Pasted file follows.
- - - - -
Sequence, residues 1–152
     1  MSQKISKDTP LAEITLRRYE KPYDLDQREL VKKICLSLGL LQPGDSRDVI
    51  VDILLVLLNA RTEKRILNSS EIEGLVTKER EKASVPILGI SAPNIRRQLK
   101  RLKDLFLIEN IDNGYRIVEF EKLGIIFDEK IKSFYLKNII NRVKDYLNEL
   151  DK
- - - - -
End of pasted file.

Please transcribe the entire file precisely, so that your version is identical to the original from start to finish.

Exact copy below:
Sequence, residues 1–152
     1  MSQKISKDTP LAEITLRRYE KPYDLDQREL VKKICLSLGL LQPGDSRDVI
    51  VDILLVLLNA RTEKRILNSS EIEGLVTKER EKASVPILGI SAPNIRRQLK
   101  RLKDLFLIEN IDNGYRIVEF EKLGIIFDEK IKSFYLKNII NRVKDYLNEL
   151  DK